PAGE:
“They often stop short of moving more sensitive workloads due to security concerns,” Dan McNamara, senior VP and general manager, Server Business Unit, AMD, said in a statement last week.
There are lots of good technologies for securing data while it’s in transit and to secure data while it’s in storage. But for applications to do something with the data, they first have to decrypt it so they can see it, creating a potential window of opportunity for hackers.
This problem has been solved on iPhones since Apple introduced the “secure enclave” back in 2013. Android vendors have started to follow suit recently.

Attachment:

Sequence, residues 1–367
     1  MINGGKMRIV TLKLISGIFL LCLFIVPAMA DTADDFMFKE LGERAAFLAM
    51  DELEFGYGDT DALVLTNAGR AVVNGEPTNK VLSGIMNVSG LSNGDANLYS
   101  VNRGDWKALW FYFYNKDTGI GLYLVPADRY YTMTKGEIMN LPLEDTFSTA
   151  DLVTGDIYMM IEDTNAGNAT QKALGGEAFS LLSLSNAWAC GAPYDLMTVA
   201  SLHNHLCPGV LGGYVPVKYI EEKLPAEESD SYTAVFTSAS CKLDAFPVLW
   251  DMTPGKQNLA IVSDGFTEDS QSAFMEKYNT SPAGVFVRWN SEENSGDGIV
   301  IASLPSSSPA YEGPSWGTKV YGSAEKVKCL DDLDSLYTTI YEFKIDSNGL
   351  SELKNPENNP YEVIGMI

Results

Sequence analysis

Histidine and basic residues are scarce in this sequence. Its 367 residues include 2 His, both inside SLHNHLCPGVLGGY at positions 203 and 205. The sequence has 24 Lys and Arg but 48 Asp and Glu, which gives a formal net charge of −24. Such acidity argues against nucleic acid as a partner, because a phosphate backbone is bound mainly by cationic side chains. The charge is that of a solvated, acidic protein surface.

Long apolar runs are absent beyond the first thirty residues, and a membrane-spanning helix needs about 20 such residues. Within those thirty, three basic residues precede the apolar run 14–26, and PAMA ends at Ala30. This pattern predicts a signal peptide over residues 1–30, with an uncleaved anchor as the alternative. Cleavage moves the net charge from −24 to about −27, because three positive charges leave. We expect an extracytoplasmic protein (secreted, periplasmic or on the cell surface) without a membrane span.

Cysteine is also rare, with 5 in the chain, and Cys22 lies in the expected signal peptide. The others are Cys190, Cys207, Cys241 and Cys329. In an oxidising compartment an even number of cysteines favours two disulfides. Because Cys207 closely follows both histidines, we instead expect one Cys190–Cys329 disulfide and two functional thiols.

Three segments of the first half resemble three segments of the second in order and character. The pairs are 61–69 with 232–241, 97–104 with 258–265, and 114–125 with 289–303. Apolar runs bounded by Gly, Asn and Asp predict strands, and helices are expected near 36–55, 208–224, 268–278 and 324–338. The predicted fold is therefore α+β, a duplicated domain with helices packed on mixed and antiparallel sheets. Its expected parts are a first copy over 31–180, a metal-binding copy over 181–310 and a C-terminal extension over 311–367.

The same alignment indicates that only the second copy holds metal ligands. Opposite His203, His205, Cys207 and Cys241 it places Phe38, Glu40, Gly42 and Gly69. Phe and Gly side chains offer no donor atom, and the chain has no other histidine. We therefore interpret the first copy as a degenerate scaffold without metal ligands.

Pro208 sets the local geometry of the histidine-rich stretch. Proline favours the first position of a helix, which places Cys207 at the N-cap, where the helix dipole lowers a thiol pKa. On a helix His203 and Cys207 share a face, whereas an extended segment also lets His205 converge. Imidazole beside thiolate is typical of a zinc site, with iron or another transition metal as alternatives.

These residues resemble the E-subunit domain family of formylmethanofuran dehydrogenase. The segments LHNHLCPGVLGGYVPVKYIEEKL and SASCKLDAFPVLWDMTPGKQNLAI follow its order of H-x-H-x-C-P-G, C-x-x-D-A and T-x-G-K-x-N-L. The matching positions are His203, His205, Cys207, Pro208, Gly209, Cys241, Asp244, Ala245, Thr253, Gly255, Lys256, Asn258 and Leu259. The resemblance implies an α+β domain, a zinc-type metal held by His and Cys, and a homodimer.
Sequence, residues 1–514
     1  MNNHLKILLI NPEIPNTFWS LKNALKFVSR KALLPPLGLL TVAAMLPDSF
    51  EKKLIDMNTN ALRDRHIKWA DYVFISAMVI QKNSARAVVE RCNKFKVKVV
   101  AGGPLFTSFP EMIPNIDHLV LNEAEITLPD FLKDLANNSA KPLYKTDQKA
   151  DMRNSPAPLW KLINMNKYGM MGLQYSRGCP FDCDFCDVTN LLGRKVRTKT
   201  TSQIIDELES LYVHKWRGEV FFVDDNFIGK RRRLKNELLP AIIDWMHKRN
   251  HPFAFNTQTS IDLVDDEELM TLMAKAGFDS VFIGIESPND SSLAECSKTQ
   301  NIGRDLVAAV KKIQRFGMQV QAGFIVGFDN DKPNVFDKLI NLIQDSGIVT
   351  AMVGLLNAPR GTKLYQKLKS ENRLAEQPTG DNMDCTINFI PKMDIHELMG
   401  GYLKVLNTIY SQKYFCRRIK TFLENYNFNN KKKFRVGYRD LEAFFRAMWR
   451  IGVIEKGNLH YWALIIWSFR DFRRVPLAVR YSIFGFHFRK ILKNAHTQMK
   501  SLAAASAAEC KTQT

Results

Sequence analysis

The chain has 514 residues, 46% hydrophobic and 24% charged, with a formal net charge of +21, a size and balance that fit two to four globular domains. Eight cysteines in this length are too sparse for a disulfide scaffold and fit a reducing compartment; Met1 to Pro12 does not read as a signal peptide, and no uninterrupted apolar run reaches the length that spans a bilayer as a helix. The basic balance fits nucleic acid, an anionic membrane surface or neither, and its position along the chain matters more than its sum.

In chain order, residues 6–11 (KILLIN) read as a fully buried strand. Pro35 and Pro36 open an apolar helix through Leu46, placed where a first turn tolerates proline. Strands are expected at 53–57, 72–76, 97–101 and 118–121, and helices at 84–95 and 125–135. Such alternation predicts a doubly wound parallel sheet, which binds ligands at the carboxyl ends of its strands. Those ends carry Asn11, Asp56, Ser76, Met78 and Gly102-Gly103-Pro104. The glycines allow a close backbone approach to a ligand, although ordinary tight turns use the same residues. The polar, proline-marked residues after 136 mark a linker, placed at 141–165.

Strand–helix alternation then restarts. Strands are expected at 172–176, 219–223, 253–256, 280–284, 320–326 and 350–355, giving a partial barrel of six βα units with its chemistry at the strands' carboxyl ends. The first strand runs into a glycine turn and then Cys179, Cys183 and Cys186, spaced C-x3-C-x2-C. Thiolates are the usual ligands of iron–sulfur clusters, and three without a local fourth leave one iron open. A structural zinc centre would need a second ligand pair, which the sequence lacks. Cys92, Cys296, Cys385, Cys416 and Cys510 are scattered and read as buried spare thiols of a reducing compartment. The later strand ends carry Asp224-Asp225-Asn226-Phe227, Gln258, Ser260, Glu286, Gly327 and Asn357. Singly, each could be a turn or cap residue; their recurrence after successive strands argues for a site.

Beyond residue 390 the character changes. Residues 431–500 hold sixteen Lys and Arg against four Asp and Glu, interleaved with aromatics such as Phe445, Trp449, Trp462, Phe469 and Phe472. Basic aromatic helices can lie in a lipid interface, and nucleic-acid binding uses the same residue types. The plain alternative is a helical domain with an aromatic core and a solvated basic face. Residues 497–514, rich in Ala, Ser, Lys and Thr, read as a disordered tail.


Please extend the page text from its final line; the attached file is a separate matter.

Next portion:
For data centers, Intel SGX has been the only game in town for the past couple of years — but the technology had severe limitations. The feature is only available on workstations, not on enterprise-grade servers, with a maximum of 92 megabytes of memory in its secure enclave, said Nelly Porter, senior product manager at Google Cloud. That makes it hard to use the platform to run applications, she told DCK.